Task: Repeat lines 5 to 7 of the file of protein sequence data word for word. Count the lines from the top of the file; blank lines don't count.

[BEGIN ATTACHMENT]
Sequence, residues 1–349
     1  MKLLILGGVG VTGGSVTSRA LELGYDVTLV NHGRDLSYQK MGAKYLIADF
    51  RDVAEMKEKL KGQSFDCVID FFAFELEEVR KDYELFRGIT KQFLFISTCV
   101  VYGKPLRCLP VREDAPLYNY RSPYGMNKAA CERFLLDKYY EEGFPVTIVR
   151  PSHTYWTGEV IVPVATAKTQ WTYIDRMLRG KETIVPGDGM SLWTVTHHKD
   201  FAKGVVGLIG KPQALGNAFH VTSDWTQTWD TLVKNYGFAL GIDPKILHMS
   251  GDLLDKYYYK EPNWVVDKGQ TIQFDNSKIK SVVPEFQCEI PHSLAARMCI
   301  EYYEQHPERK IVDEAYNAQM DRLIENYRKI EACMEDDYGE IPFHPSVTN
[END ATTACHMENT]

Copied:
   151  PSHTYWTGEV IVPVATAKTQ WTYIDRMLRG KETIVPGDGM SLWTVTHHKD
   201  FAKGVVGLIG KPQALGNAFH VTSDWTQTWD TLVKNYGFAL GIDPKILHMS
   251  GDLLDKYYYK EPNWVVDKGQ TIQFDNSKIK SVVPEFQCEI PHSLAARMCI